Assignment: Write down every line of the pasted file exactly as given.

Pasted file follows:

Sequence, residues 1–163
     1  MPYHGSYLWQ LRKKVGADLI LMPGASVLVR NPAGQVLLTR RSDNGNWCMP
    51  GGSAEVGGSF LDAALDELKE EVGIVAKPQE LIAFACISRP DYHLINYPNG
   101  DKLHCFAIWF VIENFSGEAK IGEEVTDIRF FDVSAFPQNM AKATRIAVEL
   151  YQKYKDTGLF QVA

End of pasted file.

Sequence, residues 1–163
     1  MPYHGSYLWQ LRKKVGADLI LMPGASVLVR NPAGQVLLTR RSDNGNWCMP
    51  GGSAEVGGSF LDAALDELKE EVGIVAKPQE LIAFACISRP DYHLINYPNG
   101  DKLHCFAIWF VIENFSGEAK IGEEVTDIRF FDVSAFPQNM AKATRIAVEL
   151  YQKYKDTGLF QVA